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Warm-up Sets

People get confused here, but it’s not rocket surgery. Take the difference between the empty bar and your working weight, and make four relatively even jumps between the two. i.e. if your work sets will be @ 275lbs:

  • Empty Bar (45lbs) x 5 reps x 2 sets
  • 135×5
  • 185×3
  • 235×2
  • 275x5x3 (5 reps, 3 sets)

If your working weight will be 95 lbs:

  • Empty Bar (45lbs) x 5 reps x 2 sets
  • 60×5
  • 75×3
  • 85×2
  • 95x5x3

And so on.

Read more about warmups in Our a warm-up.

If you’d rather just not think about it, you can use the calculators in the Starting Strength App for the Starting Strength Warmup App for iPhone.


When you don’t make the prescribed sets and reps in a given exercise, try again the next time that exercise comes up. If you make the lift, continue progressing. If you miss again, de-load your weight in that lift by 8-10%, and work your way back up from there, using small jumps. When you’ve done two or three de-loads and worked back up, and stall again, you’re probably done with your linear progression for that particular exercise, assuming that your recovery – sleep and nutrition – have been in order.


Sleeping less than 7-8 hours per night will negatively affect your recovery. If you are short on sleep on a regular basis, the length of time during which you can add weight to the bar as a Novice will be artificially stunted.

Much has been written regarding the optimal nutritional intake to take advantage of the Starting Strength Program. Rip’s article, A Clarification, should be read before beginning the program.

However, in short, you need to eat enough to recover. Ample protein, carbohydrates, and fat are required. Trying to do this program while on any type of restricted diet is not optimal: Intermittent Fasting, Paleo, and Zone are examples of three currently popular styles of eating that will stunt your Starting Strength Novice gains. We don’t recommend getting fat while doing the program, but to optimize your gains, you’ll probably have to eat a lot more than you’re used to. Many underweight young men have supplemented their eating with a gallon of milk a day, the famous GOMAD protocol, to aid in their quest for strength.

If you’re already obese, you don’t drink the milk and watch your carbs more carefully, especially if you don’t see some weight and fat loss over the first few weeks.

Exercises in the Program

No, you didn’t miss anything. There are only six exercises in the program. Adding weight to the bar and progressing on these six exercises will do more for your training than anything else, during your first months. Don’t spoil the recipe by adding extra ingredients. A few sets of arm work on Friday is probably OK, and you’re probably going to do it anyway, but beyond that, just do the program.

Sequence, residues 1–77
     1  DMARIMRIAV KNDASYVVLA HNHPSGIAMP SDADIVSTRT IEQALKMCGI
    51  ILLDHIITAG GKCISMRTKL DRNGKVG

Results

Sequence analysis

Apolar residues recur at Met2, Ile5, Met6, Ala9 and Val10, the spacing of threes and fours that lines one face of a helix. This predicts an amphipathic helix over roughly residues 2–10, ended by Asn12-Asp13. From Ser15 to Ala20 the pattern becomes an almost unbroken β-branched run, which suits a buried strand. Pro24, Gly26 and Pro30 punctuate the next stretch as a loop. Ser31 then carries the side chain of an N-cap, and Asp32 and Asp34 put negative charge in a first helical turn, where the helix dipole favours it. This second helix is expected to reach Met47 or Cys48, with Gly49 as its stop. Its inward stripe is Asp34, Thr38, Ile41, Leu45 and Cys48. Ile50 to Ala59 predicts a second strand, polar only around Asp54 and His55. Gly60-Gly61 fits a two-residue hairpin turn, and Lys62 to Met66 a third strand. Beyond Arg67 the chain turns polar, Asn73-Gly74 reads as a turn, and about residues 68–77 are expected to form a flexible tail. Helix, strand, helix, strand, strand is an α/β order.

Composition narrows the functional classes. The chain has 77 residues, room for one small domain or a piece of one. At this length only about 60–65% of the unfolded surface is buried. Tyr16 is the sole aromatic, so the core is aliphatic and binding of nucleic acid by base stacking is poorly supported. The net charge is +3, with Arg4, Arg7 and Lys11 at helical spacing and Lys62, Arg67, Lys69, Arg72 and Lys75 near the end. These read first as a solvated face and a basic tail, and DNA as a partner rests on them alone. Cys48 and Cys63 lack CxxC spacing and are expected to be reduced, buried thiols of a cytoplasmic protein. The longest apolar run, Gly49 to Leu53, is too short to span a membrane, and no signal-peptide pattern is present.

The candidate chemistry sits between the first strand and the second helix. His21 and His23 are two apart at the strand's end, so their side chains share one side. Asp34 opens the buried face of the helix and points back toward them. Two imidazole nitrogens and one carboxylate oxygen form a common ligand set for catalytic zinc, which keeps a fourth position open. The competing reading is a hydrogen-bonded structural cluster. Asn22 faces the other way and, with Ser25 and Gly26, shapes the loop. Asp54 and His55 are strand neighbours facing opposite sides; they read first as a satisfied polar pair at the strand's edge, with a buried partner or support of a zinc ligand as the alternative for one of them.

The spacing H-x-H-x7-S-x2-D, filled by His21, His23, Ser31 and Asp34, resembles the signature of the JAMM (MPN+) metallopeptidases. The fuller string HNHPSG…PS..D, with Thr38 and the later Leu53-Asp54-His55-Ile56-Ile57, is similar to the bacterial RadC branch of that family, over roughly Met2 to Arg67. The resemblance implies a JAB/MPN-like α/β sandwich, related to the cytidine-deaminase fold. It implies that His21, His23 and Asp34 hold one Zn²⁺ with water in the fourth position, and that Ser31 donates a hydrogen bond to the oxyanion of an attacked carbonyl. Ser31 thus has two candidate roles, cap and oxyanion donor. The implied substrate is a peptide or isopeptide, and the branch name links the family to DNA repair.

When you have accumulated enough strength and lifting experience to be an Intermediate lifter, you’ll know enough to decide whether or not to work your reverse leaping axe choppers into the program and if so, how. Until then, just do the program.

One last note: There is much confusion about barbell rows. The program includes power cleans. Substituting barbell rows for power cleans, or power snatches if you can’t rack the clean, is not doing the program. There are a very small percentage of young people for whom this may be a good idea, but you’re almost certainly not one of them. Do the cleans. If you really think you may be one of those few people, seek out a Starting Strength Coach in your area for a session. 

If you're 50+, especially if coming in from sedentary background, you're in a population where the risk/reward is much lower and recovery problems are more likely anyway. Power cleans can be omitted from your program if the lift causes problems - try it and see. If you are very elderly or frail, it is acceptable to omit them from your program. Focus on building your strength with squat, bench, deadlift, and press.

Strength and Programming

Your level of training advancement determines the most appropriate type of strength program  (novice, intermediate, or advanced) for effective and efficient training. 

Programs are not set by strength level, but rather, by how quickly the lifter adapts and recovers after training stress. You can be relatively strong or weak compared to others who are at the same training stage. Strength standards may be helpful for you to see how you stack up to others outside of contests, but scoring at the intermediate level in a lift doesn't change you from a novice to an intermediate. It means you are strong for a novice. 

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